I’m not going to go through and rebut every point, because it would be pointless to do so. Most readers of this site will be able to formulate their own rebuttals, assuming of course that they aren’t incapacitated by laughter, astonishment, or some combination of the two. I will draw attention to the one point they might have gotten partly right. It’s:
Image replacement makes your site inaccessible.
Much has been written about various image replacement techniques and the accessibility problems they present, so that sounds like our trippy triumvirate could have been on the money there. However, were they talking about replacing text with images, as with the FIR and so on, or replacing images with text? Because if it’s the latter, then we have a case of fully consistent unreality. And where do they get off worry about accessibility, given the rest of their advice?
In light of recent commentary from Jeffrey and Molly, among others, I was particularly interested to read the following:
Do not put the entire contents of your page in an <h1>, rather put only half inside an <h1> and stick the other half in an <h2> or other header tag.
It would seem that, at least for some segments of the industry, we are indeed wasting our energy talking about the proper use of heading levels. That’s way, way too far ahead of where they are right now. We need to be telling them about the fundamentals of how document ought to be structured, in the optimistic hope that they’ll one day After all:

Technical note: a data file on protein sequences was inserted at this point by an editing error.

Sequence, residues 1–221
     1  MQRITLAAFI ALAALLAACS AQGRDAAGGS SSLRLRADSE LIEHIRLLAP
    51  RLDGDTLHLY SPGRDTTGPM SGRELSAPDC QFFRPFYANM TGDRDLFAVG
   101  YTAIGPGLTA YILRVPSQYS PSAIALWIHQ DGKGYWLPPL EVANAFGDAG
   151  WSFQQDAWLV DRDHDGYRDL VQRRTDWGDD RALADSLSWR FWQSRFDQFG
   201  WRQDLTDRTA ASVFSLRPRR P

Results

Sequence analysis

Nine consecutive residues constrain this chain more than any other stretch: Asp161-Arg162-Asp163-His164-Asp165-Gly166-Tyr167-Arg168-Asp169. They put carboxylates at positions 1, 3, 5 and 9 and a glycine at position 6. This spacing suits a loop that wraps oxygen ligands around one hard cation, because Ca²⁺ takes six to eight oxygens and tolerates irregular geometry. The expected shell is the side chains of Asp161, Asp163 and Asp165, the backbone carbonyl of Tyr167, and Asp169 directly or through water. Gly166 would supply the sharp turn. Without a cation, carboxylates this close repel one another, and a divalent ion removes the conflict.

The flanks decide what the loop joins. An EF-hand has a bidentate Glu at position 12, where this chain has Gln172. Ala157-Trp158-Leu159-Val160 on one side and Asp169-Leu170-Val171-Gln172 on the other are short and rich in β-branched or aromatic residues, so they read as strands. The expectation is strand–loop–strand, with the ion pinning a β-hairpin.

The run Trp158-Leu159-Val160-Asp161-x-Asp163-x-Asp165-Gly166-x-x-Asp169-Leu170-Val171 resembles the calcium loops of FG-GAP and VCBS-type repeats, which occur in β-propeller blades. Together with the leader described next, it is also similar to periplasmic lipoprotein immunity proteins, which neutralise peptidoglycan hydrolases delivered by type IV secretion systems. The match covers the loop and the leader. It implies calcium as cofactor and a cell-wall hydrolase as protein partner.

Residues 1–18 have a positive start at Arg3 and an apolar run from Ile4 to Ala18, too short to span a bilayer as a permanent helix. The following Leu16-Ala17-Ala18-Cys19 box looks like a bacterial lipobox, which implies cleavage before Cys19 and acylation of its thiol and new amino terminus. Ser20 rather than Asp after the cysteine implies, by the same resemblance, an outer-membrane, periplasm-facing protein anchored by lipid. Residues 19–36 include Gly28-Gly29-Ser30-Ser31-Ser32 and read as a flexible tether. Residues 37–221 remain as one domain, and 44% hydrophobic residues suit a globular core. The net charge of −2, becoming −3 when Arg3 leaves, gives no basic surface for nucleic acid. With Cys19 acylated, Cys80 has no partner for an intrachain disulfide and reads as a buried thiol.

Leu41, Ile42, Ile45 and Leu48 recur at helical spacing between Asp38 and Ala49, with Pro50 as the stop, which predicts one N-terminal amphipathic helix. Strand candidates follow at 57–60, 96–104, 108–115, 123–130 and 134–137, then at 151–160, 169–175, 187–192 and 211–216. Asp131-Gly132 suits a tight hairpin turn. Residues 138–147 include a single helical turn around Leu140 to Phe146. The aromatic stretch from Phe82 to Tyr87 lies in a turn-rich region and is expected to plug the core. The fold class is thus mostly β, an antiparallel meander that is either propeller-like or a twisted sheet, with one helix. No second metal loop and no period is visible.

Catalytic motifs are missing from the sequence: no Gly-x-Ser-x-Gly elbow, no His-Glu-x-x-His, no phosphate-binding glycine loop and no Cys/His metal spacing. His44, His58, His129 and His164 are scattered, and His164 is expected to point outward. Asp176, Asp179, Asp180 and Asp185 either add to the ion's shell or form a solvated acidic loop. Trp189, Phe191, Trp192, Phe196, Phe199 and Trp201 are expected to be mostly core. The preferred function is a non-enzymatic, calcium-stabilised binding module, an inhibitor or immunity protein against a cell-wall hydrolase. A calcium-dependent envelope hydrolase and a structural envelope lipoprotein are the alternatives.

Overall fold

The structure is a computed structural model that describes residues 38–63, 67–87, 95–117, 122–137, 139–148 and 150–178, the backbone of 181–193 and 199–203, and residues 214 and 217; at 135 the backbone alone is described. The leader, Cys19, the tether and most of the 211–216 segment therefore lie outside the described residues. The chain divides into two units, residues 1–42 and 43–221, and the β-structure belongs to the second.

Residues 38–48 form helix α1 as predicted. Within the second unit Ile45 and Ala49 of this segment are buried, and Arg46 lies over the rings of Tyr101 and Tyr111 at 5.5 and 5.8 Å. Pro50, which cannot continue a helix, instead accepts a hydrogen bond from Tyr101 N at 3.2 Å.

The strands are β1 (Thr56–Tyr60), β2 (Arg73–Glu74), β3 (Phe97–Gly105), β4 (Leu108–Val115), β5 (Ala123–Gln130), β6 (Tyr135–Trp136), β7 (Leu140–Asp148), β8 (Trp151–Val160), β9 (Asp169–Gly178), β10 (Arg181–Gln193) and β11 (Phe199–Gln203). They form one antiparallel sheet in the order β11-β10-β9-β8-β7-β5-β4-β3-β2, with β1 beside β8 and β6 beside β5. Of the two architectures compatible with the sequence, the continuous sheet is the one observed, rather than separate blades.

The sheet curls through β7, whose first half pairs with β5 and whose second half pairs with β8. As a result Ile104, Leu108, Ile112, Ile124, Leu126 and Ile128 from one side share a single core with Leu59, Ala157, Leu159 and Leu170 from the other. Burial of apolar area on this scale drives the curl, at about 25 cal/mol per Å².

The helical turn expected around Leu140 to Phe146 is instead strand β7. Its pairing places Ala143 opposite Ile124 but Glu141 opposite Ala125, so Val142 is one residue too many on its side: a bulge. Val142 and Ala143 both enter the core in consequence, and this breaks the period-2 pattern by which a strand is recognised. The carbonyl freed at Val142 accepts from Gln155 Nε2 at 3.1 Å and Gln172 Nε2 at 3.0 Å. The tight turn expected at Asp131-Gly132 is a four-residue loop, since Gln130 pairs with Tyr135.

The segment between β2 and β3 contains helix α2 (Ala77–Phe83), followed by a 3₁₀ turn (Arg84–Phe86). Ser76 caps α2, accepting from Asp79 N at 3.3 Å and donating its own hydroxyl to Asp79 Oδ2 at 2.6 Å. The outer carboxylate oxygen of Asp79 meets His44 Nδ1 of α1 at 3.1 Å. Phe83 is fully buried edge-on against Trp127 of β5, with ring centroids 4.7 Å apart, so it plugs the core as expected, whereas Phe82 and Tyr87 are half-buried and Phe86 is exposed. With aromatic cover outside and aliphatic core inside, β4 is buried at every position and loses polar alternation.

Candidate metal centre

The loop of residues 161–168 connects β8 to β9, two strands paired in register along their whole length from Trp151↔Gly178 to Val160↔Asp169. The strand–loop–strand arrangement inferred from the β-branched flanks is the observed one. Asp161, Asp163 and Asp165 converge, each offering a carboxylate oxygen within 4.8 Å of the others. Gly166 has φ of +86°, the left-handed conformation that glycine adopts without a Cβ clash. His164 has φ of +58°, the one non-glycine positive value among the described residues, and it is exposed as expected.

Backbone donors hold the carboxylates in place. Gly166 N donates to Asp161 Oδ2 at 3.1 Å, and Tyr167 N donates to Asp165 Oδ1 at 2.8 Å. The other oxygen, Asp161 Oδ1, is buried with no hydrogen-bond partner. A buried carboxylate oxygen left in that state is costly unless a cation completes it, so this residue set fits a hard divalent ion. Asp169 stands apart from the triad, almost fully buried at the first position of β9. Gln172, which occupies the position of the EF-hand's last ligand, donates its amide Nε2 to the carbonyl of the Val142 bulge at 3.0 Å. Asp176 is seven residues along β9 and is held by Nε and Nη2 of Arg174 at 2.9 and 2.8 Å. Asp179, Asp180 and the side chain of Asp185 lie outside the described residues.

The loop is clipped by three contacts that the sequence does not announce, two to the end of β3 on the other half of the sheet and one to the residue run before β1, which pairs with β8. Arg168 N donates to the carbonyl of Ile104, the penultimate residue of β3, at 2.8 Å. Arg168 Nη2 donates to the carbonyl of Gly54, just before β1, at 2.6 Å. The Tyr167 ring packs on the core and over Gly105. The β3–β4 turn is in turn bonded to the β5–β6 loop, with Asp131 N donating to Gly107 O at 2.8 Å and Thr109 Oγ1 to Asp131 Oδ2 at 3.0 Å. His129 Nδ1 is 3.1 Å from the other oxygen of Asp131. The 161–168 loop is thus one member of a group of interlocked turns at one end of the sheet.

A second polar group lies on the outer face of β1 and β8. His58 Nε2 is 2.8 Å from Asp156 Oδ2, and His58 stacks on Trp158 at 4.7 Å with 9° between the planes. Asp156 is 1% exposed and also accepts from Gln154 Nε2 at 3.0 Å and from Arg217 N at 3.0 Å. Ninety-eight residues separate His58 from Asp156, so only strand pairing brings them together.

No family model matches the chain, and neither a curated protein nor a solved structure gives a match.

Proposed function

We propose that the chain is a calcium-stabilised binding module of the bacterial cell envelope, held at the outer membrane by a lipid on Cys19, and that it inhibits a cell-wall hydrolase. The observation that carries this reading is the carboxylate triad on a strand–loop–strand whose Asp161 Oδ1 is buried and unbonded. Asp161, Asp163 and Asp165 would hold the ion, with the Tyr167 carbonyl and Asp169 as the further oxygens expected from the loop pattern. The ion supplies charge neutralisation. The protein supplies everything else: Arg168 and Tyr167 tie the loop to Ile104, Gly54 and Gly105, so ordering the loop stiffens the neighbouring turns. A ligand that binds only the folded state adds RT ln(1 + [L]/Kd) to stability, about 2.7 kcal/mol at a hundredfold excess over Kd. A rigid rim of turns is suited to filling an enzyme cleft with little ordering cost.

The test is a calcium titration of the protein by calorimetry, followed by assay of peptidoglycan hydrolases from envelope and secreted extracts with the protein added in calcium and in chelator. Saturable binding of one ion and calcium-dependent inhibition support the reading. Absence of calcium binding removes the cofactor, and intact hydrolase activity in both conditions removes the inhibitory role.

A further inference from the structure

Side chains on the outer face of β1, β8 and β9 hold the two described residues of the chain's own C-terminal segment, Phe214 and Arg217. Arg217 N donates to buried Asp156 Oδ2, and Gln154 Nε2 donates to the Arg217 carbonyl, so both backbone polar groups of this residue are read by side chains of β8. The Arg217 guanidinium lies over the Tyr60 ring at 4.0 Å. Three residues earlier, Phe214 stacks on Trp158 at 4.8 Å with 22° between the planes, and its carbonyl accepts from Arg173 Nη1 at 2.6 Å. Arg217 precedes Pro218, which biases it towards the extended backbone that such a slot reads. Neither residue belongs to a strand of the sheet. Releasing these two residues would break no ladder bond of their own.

Don’t validate your code under any circumstances because hierarchically correct and valid markup is of no use to a search engine.
On which note, can anyone confirm that engines like Google actually make use of heading elements in determining page rank? I’m looking for a link to actual results demonstrating the effect of headings on Google’s ranking of a page; if you have one handy, kindly drop it to me via e-mail. I’d just like to know one way or the other. Google employees are particularly encouraged to write me about this.
I suddenly have the urge to do a round of the SEO conference circuit to set the record straight. I wonder how one might go about that? After all, I’m more of an SEO expert than at least two of these SEO “experts”: Googling for “Eric Meyer” gets you my home page as the #1 result, but searching for one name returns his site at #3, just behind an Assistant Professor of Engineering Management at University of Missouri-Rolla and a blog written by a fan of Howard Dean. The other one didn’t even show up in the first ten Google results, so far as I could tell, and I was searching for his name.
So perhaps it’s time I looked into what it takes to be a presenter at SES/SEO conferences.
Update: please see SES San Jose Corrections for more information, and a much different story than was originally posted here.